The prediction was supposed to sound ominous. But to many listeners, it just sounded delicious.
“My culture is a very dominant culture, and it’s imposing and it’s causing problems,” warned Marco Gutierrez, founder of Latinos for Trump, in an MSNBC interview last week. “If you don’t do something about it, you’re going to have taco trucks on every corner.”
In the days that followed, this culinary Cassandra was widely mocked, memed and hashtagged.
How silly and self-loathing must Gutierrez be, the Twitterverse asked, to fear-monger with flautas, to bogeyman with burritos, to alarm with empanadas? After all, any idiot knows that Americans across the political spectrum love Mexican (or at least Tex-Mex) food. Even Donald Trump has featured taco-based cuisine in his political propaganda.
Yet I understand why Gutierrez might have expected his warning of Mexican culture creep to seem scary.
In recent years, there has been a subtle shift, on both left and right, away from the idealization of the melting pot — the United States’ long tradition of mixing and matching from the many cultures and ethnicities that migrate to our shores. Instead, both liberals and conservatives have increasingly advocated a version of cultural autarky: You stick to the traditions of your ancestry, I’ll stick to mine, and we’ll all be better off.
Maybe some rare exceptions can be grandfathered in, among them tacos (and, presumably, bagels). But for the most part, the goal seems to be to maintain clear, pristine ethnic boundaries, for foods, languages, clothing and other traditions.
The motivations for this evolving preference differ depending on the political faction you’re talking about, of course. Those on the far left increasingly avoid engagement with other cultures’ traditions because they worry about “cultural appropriation,” or exoticizing or exploiting another people’s heritage. For the far right, this avoidance is based on fear of an invasive foreign influence, one that might contaminate true “American values.”
The rationales may be different, but the trigger can be the same.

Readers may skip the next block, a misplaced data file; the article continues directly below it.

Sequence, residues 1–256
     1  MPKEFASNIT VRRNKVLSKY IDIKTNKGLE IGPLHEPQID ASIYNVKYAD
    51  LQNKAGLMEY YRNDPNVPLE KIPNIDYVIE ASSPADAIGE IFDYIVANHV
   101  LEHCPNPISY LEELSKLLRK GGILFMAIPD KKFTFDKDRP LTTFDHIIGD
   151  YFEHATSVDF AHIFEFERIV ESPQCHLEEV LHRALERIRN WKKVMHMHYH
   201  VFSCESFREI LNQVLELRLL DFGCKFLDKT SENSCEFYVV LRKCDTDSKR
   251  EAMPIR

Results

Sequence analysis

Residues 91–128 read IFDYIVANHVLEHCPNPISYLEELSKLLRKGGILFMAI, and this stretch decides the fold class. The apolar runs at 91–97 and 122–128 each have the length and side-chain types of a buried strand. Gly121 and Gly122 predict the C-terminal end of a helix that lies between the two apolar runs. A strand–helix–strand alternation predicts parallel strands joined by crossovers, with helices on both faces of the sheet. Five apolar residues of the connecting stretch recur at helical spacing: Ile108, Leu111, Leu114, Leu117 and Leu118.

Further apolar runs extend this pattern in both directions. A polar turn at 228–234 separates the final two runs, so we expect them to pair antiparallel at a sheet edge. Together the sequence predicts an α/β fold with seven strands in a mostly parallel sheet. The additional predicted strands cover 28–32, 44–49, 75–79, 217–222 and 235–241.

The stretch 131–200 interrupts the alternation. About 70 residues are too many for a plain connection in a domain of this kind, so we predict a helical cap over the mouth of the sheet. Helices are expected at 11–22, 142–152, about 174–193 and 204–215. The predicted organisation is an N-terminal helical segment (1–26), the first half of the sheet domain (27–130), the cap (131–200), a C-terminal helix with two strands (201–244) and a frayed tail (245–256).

Take, for example, yoga.
On the left, there is a recurring debate about whether practicing yoga in the West is a crass and offensive commercialization of another culture’s sacred tradition. Last year, a college famously canceled a yoga class for students with disabilities due to concerns that the practice was taken from a culture that “experienced oppression, cultural genocide and diasporas due to colonialism and western supremacy.”
The story earned lots of public derision, especially on the right.
But several months later, a similar yoga controversy, this time stoked by conservatives, went viral. Parents of children at a Georgia public elementary school were upset that their kids were being taught “yoga and other mindfulness practices,” because they believed the lessons promoted a “Far East mystical religion.” The school apologized.
Recent years have produced similar brouhahas about whether serving sushi, or wearing kimonos, sombreros or hijabs, amounts to oppression, invasion or even just benign appreciation of other cultures’ traditions and innovations.
Many on the far left seem to prefer a vision of pluralism in which different cultures never borrow from one another, regardless of intentions. In this view, white people who wear braids, buy turquoise jewelry, don saris or sing along with rap lyrics are exhibiting both bad taste and bad faith.
Many on the far right likewise yearn for their own “safe space” for American values, or at least a specifically Christian-Anglophone version of those values. That means an insular country where everyone says “Merry Christmas” rather than the inclusive “Happy Holidays”; no automated phone system ever says “para espanol, oprima dos”; and non-Western clothing styles are not just discouraged but outlawed. In fact, in the wake of the recent French burkini debate, a YouGov survey found that 4 in 10 Republicans would support a U.S. law banning Muslim-style body-and-face veils.
For centuries, humankind considered the peaceful exchange of ideas, goods and customs a source of progress, a means of (quite literally) “spicing up” life. Many of the traditions that we today associate with specific ethnicities are themselves borrowed from elsewhere, thanks to centuries of trade. The potato, that staple of Irish cuisine, was originally brought to the Emerald Isle from South America, for example.
Which makes this recent creep of cultural isolationism both concerning and confusing. Perhaps that scare-mongering Trump surrogate could be forgiven for not realizing that, just as potatoes eventually became Irishized, many Americans already regard tacos as fully Americanized. Here’s hoping that this bit of confusion and inadvertent comedy slows the impulse to separate the ingredients of the American melting pot into its many parts.
Write to Catherine Rampell at email@example.com.